Author of the JP Weiscarver Mystery Series
The word is …
Want to feel your age? How’s this?
I was doling out headaches before there was “acetaminophen.” I’ve been causing a stink since before “refried beans.” Heck, I predated “decaf.” I’ve been around since before “certified mail.”
I know this thanks to a site provided by Merriam-Webster, the dictionary people, called Time Traveler.
What they’ve done is group, by year, what they call “first known use,” the earliest recorded use in English of the oldest sense of the word defined in the entry. For example, in the second paragraph, the noted words were dated, in order, 1958, 1957, 1956 and 1955.
I solicited volunteers through Facebook and came up with these:
Darsha’s parents were married in 1994. Debuting in usage that year were Botox, cybercafe, dot-com, LASIK, MP3, pole dancing, roofie, spoiler alert, spyware, task bar, webcam and wifebeater (for a man’s white tank top).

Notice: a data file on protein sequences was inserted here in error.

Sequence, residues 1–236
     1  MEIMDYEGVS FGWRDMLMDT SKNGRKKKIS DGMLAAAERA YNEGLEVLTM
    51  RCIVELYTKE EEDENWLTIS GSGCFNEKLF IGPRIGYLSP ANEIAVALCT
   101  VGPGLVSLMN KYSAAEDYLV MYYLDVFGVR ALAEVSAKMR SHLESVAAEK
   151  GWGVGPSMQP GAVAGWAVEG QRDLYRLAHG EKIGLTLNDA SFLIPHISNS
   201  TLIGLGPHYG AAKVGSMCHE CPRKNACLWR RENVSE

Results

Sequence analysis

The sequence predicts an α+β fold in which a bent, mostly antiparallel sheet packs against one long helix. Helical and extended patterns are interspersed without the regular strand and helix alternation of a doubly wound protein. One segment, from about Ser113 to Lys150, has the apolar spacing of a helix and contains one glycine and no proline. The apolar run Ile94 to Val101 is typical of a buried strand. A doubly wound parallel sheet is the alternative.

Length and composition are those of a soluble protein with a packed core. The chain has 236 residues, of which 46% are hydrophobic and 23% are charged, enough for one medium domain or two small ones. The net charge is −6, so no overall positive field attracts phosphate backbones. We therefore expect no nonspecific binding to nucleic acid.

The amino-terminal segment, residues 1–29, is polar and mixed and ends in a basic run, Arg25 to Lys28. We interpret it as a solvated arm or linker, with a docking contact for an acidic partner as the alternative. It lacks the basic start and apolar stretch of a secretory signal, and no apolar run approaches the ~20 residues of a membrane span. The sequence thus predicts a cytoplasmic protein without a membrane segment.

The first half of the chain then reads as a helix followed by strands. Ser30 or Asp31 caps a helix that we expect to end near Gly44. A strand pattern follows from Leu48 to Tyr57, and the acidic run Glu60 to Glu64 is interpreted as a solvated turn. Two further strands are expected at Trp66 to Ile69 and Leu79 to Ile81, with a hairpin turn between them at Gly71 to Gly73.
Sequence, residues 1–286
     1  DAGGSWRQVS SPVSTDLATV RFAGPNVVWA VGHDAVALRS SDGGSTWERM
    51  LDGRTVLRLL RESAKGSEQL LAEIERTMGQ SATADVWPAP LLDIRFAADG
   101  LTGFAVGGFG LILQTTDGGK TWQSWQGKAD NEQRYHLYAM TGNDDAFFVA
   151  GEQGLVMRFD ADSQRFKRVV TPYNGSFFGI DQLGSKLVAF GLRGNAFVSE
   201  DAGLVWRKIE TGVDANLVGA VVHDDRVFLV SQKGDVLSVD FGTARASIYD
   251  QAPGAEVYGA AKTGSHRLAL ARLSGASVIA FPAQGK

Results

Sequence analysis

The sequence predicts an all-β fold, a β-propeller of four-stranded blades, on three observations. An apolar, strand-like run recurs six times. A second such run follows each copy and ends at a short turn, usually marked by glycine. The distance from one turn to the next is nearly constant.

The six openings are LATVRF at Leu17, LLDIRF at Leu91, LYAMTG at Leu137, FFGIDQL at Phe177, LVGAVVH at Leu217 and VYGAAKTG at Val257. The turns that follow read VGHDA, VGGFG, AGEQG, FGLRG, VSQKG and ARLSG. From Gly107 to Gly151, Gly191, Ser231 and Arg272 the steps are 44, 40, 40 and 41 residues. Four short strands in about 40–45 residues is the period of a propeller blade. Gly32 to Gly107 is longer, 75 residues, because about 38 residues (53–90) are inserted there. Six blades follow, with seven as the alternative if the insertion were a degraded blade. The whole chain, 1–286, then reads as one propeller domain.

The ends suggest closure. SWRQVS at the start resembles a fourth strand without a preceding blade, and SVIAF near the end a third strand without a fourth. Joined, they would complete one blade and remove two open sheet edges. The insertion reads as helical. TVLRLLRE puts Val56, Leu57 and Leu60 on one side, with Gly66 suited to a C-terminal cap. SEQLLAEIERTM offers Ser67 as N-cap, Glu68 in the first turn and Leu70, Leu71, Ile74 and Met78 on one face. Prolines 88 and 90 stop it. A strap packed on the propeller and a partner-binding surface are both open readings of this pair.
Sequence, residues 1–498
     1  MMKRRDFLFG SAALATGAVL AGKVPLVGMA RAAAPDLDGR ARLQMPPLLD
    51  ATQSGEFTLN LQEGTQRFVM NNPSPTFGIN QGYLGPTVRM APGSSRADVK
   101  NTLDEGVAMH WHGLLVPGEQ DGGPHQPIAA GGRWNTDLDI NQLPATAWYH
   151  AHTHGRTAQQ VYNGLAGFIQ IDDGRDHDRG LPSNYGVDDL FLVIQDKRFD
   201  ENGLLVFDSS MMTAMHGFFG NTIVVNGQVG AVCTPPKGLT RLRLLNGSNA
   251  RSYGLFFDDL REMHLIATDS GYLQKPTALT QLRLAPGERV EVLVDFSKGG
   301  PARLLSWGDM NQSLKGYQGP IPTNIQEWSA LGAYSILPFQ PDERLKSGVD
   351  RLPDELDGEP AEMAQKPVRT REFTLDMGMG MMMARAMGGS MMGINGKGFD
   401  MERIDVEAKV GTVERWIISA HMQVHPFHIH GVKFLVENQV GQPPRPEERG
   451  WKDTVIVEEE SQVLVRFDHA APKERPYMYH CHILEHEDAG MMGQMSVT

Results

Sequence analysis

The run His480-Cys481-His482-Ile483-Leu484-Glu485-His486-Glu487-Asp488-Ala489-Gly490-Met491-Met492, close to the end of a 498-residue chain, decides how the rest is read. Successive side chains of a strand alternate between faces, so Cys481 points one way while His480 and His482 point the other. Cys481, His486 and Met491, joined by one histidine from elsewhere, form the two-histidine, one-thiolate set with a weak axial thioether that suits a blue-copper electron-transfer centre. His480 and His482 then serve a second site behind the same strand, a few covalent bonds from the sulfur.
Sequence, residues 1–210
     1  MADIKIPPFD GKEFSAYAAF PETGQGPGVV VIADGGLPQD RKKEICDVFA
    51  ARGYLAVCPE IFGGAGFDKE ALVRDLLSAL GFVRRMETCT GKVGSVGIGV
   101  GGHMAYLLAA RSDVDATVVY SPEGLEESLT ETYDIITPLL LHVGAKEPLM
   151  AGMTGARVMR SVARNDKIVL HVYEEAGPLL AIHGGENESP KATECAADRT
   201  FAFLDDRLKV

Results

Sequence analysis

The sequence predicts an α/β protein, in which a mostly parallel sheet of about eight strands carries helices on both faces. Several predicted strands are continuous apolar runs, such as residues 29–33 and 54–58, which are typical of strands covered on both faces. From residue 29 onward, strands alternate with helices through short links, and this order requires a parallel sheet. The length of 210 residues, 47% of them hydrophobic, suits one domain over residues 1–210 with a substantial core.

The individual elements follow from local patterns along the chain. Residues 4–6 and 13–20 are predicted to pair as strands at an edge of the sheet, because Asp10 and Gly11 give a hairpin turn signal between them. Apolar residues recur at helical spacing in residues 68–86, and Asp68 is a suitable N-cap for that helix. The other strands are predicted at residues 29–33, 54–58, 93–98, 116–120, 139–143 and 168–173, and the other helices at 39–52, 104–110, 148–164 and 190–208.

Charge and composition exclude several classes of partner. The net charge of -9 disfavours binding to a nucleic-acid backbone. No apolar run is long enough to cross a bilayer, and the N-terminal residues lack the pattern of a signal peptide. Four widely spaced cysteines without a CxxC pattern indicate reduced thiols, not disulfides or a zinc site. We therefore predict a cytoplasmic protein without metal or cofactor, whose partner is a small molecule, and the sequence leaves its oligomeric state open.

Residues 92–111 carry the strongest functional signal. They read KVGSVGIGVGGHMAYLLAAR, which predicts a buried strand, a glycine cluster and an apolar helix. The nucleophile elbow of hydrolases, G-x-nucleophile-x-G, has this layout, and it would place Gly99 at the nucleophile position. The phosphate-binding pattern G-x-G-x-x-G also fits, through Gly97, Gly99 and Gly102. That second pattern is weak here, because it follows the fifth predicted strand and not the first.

Tina was married in 1978. Entering the English lexicon that year were attention deficit disorder, bed and breakfast, bustier, chemical peel, control key, dramedy, face time, gimme cap, half-pipe, hepatitis C, improv, off-grid, pad thai, sticky note and Stockholm syndrome.
Vicki was born in 1960. Added to the things she was yet to learn were AC/DC, a-go-go, arcade game, brain drain, cockamamy, coin-op, dial-up, discotheque, Eurodollar, hardnose, hate crime, health spa, junk food, kook, lab coat, mayo, square one, theme park and valet parking.
Pick a date and dive in, but I warn you it could turn into a time suck (first used in 1991).
Oh, one other point. The dictionary is not limited to our life spans. Consider the words allied, bowler, bulldog, dexterity, laughingstock, opulent, reportable and trash.
Take a guess as to when they were first printed. Try 500 years ago … 1518. Wish them a “happy birthday” and they should understand as both of those words have been around since the 14th century.